I came to know Daniel Weissbort closely when Modern Poetry in Translation's Mother Tongues issue came out in 2001. We attended the launch in London and Cambridge – he as introducer, myself as reader. I found him well informed about the Indian poetry scene, as he came to know many poets personally when he visited India and at the University of Iowa, where he directed the MFA programme in literary translation.
I had to be patient for more than 20 years until the publication of my collection of "Englished" (Danny's coinage) poems as the Punjab was not a trouble spot on the globe. John Berger once recommended me to a mainstream publisher without telling me. His advice was not heeded. Eventually a good word put for me by Danny was instrumental in the publication of Sonata for Four Hands (Arc, 2010). I'll be forever grateful to him for that gesture.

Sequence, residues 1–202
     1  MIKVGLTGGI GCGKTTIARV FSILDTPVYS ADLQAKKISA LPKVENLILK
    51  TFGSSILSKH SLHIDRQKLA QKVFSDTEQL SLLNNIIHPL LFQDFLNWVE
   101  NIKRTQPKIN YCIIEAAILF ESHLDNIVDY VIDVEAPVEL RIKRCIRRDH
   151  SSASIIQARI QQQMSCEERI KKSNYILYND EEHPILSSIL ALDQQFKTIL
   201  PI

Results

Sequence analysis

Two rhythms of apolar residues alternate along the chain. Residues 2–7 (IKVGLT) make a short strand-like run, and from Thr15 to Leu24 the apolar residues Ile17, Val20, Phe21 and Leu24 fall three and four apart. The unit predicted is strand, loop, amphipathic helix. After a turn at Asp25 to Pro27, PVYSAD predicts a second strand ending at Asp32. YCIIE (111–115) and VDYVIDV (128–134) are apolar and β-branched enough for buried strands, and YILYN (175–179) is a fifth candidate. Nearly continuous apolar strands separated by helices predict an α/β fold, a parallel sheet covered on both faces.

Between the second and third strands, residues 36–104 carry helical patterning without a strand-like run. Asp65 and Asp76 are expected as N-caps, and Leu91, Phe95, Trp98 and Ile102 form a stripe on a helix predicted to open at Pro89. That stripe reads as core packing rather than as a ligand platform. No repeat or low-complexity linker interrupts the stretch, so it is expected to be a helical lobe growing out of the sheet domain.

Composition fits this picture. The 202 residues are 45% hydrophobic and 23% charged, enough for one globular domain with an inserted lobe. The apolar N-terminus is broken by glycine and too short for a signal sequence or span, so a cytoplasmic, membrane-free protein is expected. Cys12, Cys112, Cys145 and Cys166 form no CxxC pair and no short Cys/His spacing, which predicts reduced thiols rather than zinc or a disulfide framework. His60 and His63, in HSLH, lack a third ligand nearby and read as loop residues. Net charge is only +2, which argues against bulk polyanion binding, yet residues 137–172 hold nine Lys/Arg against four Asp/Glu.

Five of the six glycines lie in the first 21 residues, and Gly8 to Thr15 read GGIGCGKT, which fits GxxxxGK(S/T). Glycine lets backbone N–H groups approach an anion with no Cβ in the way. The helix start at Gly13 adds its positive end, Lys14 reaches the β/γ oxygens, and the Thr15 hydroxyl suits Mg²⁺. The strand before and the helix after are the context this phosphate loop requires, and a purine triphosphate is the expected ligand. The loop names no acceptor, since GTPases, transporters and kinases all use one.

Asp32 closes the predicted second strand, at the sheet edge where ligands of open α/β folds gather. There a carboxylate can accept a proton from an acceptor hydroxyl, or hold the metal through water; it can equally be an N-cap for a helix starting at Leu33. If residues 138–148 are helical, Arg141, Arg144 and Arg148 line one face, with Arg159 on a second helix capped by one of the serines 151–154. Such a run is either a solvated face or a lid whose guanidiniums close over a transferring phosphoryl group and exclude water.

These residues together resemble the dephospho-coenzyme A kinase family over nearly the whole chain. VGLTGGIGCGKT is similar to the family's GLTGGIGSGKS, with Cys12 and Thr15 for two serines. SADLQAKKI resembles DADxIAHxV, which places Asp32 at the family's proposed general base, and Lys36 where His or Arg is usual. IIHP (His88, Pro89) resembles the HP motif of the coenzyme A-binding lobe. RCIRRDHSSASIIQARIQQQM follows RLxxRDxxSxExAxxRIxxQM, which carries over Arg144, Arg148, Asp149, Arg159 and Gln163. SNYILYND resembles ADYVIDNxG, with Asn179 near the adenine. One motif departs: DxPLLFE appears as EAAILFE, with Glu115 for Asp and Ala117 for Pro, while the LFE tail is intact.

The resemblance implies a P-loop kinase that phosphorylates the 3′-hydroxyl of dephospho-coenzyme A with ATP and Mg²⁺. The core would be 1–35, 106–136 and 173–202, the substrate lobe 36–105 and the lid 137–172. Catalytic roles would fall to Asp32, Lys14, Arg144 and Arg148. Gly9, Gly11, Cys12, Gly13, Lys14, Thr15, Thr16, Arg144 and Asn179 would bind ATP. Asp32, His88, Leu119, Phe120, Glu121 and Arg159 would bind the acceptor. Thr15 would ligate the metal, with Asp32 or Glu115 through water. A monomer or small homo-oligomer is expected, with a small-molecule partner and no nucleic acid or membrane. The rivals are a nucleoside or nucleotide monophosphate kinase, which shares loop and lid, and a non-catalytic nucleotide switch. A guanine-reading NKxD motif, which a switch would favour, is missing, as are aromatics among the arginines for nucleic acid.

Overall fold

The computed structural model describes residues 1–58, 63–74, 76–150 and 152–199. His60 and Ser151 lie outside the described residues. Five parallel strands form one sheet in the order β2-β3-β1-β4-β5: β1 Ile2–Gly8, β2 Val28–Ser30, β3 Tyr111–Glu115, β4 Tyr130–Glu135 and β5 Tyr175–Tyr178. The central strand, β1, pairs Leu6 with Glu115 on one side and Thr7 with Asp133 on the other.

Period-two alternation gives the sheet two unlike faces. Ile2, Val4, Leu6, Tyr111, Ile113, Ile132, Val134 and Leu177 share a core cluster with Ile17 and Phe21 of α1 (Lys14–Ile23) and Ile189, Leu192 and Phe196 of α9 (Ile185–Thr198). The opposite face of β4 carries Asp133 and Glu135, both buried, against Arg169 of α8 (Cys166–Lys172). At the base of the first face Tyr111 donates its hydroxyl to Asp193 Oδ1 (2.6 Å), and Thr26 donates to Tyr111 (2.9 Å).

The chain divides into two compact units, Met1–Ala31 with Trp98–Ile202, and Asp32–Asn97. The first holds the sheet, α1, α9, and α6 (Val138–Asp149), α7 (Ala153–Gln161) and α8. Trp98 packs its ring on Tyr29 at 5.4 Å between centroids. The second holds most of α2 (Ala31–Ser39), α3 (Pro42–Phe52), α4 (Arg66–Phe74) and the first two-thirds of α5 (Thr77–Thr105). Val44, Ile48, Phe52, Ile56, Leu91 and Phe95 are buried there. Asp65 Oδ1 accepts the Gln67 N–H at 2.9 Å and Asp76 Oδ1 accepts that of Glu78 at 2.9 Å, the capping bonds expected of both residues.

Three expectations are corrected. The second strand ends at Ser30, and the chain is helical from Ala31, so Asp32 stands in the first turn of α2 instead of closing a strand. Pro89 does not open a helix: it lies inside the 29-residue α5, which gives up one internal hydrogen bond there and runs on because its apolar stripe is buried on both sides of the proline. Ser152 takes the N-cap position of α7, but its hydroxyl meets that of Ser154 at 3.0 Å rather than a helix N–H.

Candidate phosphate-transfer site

Once, at a dinner hosted by a common friend, Danny sat next to me chatting with a lady. Valentina Polukhina, his wife, known for her great sense of humour, was sitting opposite and feeling ignored. She told him loudly: "Danny, I'm still a virgin." Danny gave her a smile and continued talking to the lady.
When I think of Danny, I always see the enigmatic smile in his eyes, looking in the distance behind his thick glasses.